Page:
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schoolhouse

[skool-hous] /ˈskulˌhaʊs/
noun, plural schoolhouses
[skool-hou-ziz] /ˈskulˌhaʊ zɪz/ (Show IPA)
1.
a building in which a school is conducted.
Origin
late Middle English
1400-1450
1400-50; late Middle English scolehous. See school1, house
Dictionary.com Unabridged
Based on the Random House Dictionary, © Random House, Inc. 2014.
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Examples from the web for schoolhouse
  • These, in turn, leaned gingerly on a sad-colored schoolhouse.
  • But the godly farmers hitched ninety yoke of oxen to the abolition schoolhouse and dragged it into the middle of the swamp.
  • The windows of the schoolhouse have been thrown open, and life let in with the sunlight.
  • Here you can visit the depot, filled with train memorabilia, and step inside the vintage drugstore and schoolhouse.
  • Now the land almost swallows up the sagging old schoolhouse, its shingles peeling off the roof.
  • Wise schooling may indeed be the missing key to the schoolhouse door.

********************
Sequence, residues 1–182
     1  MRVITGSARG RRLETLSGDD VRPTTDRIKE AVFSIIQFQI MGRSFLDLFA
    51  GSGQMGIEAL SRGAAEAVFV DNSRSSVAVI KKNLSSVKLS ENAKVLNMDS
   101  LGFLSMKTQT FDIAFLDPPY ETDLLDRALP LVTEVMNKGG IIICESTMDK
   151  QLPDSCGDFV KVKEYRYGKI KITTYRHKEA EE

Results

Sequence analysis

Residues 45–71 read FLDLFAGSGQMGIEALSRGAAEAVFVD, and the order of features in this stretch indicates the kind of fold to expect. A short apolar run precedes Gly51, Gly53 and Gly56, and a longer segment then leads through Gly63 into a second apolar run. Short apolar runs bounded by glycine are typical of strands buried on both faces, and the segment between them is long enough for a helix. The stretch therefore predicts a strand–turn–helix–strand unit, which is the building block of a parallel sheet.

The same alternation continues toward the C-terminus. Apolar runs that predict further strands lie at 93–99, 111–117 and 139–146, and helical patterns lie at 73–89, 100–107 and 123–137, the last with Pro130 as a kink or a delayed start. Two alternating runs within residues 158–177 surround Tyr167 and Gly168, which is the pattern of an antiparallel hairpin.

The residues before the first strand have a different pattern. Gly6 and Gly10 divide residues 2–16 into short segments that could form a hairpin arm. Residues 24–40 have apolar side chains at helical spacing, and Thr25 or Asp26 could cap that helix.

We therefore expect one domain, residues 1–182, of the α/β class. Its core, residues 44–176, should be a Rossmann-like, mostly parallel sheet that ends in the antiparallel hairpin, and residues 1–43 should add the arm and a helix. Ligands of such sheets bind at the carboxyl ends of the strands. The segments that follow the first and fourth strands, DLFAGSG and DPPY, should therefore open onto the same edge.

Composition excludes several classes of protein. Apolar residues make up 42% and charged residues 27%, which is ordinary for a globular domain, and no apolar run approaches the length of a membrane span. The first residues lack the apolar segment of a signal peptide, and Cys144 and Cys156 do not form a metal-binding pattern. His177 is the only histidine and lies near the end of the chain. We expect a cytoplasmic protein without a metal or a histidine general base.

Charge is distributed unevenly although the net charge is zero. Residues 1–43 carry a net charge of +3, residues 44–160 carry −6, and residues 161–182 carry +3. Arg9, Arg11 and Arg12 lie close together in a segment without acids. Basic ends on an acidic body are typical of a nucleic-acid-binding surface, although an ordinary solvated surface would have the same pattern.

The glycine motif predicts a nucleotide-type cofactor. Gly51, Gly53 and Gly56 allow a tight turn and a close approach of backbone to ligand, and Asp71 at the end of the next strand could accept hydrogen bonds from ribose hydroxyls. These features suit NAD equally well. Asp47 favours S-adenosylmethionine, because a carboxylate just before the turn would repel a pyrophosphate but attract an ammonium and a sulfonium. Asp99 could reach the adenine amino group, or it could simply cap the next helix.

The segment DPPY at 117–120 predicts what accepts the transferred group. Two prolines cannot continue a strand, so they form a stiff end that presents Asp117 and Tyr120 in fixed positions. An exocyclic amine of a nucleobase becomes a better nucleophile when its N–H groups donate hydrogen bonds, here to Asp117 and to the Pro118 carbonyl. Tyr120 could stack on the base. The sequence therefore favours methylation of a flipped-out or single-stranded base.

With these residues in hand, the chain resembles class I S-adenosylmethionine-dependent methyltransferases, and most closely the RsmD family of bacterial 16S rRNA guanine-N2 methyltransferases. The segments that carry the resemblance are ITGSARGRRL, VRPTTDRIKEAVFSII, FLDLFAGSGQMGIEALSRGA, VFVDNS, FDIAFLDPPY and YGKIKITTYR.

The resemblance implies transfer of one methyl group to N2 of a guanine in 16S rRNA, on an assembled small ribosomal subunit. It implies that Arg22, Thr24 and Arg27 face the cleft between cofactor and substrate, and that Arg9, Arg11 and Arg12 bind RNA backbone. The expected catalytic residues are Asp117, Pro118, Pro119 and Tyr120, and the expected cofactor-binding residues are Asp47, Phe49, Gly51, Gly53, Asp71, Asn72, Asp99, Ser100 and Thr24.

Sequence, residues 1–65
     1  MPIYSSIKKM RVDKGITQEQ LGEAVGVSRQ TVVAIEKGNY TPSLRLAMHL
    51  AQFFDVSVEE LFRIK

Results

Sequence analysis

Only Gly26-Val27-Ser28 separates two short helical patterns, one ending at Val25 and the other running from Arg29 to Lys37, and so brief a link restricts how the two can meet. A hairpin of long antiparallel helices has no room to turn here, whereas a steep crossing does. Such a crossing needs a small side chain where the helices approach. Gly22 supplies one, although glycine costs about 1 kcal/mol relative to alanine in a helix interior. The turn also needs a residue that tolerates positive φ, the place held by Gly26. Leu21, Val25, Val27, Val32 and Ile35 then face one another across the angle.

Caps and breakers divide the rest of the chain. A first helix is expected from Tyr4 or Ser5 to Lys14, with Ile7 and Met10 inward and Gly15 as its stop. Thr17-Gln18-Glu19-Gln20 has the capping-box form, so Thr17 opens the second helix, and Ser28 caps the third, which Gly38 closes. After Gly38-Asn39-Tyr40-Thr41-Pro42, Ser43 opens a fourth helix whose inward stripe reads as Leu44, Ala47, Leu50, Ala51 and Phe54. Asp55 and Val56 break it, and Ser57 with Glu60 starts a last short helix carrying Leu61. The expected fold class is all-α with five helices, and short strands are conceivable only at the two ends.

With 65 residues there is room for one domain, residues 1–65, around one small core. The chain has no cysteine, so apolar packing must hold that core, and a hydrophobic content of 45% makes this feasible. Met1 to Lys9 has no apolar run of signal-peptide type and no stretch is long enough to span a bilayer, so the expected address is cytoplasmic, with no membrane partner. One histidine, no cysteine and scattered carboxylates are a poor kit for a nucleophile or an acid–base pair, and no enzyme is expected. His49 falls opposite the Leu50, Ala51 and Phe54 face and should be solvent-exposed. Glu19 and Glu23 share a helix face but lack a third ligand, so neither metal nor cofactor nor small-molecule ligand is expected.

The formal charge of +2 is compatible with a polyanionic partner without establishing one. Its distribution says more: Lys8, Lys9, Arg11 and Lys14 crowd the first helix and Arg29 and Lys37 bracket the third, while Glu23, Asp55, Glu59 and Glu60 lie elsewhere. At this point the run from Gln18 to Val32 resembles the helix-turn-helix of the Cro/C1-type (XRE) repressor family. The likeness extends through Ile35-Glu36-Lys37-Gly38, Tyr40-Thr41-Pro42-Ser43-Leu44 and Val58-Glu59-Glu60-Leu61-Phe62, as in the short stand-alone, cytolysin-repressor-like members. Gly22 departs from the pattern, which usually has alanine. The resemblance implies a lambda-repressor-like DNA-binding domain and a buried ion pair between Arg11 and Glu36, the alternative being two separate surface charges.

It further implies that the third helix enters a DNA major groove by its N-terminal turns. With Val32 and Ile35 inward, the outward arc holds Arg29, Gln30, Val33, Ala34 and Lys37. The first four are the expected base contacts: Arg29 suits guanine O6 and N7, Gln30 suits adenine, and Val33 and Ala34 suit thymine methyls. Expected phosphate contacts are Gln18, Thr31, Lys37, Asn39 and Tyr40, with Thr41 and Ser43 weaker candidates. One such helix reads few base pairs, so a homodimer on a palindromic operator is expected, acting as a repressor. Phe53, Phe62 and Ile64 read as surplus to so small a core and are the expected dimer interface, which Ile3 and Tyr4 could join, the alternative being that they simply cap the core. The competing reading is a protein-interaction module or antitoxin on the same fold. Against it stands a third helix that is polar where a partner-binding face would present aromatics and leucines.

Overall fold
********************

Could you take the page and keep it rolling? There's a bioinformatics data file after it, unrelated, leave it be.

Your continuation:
• Its exterior, red brick and whitewashed wooden trim, evokes a schoolhouse.
  • There in a one-room schoolhouse he had learned his lessons, in the days before the destruction of the public-school system.
  • Before they built their church, even, they built that schoolhouse.
  • Who knew that these days the little red schoolhouse is somewhere in the ether.
British Dictionary definitions for schoolhouse

schoolhouse

/ˈskuːlˌhaʊs/
noun
1.
a building used as a school, esp a rural school
2.
a house attached to a school
Collins English Dictionary - Complete & Unabridged 2012 Digital Edition
© William Collins Sons & Co. Ltd. 1979, 1986 © HarperCollins
Publishers 1998, 2000, 2003, 2005, 2006, 2007, 2009, 2012
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19
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